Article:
Example III 100 grams of cod liver oil having an iodine number of approximately 154 was divided into two equal portions and each portion placed in a 4 oz.

wide mouth bottle. To one portion of the oil, cc. of a 5% solution of 3-methy1-2,4-pentadione dioxime in amyl ether was added as an anti-oxi- 6 wherein R is an alkyl group, in suflicient quantity dant. Both bottles were lightly stoppered with absorbent cotton and placed into a heated oven having'a temperature of about 75 C. After 3 days both samples were removed from the oven and cooled to room temperature. The sample of oil containing no anti-oxidant had a pronounced rancid odor, whereas the sample containing the anti-oxidant was unafiected.

While I have disclosed the preferred embodiments of my invention, it will be readily apparent to those skilled in the art that many changes and variations may be made therein without departing from the spirit thereof. The scope of the invention is to be limited solely by the appended claims.

I claim:

1. An organic substance which tends to deteriorate by the absorption of oxygen from the air containing, in anti-oxidizing amount, an alkanedione dioxime of the following general formula:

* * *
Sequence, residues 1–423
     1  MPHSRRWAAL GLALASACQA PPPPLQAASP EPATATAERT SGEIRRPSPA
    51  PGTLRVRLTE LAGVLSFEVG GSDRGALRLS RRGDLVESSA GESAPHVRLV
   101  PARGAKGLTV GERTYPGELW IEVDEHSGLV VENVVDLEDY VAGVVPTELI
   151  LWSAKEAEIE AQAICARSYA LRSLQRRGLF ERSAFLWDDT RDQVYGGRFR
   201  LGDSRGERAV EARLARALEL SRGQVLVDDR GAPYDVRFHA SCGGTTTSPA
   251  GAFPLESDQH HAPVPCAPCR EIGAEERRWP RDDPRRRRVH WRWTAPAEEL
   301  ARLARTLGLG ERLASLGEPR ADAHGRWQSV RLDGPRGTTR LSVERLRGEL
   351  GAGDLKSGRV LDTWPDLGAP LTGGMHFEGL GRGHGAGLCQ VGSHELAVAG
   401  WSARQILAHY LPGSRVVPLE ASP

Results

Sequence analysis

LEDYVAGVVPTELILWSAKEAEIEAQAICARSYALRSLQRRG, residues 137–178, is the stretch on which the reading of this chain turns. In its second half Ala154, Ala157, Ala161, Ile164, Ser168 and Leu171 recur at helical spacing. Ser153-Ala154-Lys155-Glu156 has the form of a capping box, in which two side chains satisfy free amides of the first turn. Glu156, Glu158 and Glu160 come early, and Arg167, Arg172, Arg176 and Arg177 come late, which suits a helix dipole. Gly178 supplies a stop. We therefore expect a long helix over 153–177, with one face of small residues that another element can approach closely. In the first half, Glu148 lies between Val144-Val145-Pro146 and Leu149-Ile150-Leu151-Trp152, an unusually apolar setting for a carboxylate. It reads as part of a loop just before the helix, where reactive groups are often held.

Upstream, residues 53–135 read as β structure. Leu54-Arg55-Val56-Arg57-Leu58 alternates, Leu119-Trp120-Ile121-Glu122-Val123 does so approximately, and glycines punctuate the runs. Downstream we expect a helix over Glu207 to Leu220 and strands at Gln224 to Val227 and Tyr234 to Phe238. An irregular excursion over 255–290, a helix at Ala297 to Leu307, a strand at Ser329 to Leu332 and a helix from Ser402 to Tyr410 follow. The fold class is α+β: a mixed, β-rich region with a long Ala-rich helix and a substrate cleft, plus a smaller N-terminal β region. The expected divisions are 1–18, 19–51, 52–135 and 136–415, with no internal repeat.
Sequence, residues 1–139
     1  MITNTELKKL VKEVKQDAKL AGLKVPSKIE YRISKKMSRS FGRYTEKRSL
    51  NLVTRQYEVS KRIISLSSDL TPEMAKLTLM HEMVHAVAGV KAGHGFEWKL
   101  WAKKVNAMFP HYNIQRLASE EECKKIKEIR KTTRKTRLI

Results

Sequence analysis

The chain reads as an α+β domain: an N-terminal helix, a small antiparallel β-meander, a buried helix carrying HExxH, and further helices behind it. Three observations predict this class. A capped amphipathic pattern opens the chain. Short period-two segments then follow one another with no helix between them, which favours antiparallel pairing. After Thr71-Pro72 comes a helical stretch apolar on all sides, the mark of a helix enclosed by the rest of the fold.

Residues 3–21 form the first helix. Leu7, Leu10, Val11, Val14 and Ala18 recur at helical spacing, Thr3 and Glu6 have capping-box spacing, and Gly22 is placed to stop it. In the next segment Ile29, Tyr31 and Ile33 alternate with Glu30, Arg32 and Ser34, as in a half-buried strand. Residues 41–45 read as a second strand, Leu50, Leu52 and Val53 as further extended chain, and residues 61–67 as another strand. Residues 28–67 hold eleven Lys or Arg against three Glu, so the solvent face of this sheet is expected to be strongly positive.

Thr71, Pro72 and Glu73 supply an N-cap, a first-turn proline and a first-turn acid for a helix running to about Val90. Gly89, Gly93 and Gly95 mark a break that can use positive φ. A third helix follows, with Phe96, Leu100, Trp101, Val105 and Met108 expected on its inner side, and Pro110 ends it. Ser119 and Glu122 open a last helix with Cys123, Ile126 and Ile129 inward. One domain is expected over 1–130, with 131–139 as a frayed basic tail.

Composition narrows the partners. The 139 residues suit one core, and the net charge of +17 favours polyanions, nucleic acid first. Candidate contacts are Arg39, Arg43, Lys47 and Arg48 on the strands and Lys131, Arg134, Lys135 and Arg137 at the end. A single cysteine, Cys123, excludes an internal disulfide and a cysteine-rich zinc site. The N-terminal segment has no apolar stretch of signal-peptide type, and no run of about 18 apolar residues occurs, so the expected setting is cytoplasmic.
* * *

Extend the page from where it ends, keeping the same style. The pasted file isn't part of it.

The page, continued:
NOH H NOH wherein R is an alkyl group.

2. An organic substance which tends to deteriorate by the absorption of oxygen from the air containing, in anti-oxidizing amount, an alkanedione dioxime having the formula:

NOH H N011 cm-JL-Ji-E-cm H1 3. An organic substance which tends to deteriorate by the absorption of oxygen from the air containing, in anti-oxidizing amount, an alkanedione dioxime having the formula:

4. An organic substance which tends to deteriorate by the absorption of oxygen from the air containing, in anti-oxidizing amount. an alkanedione dioxime having the formula: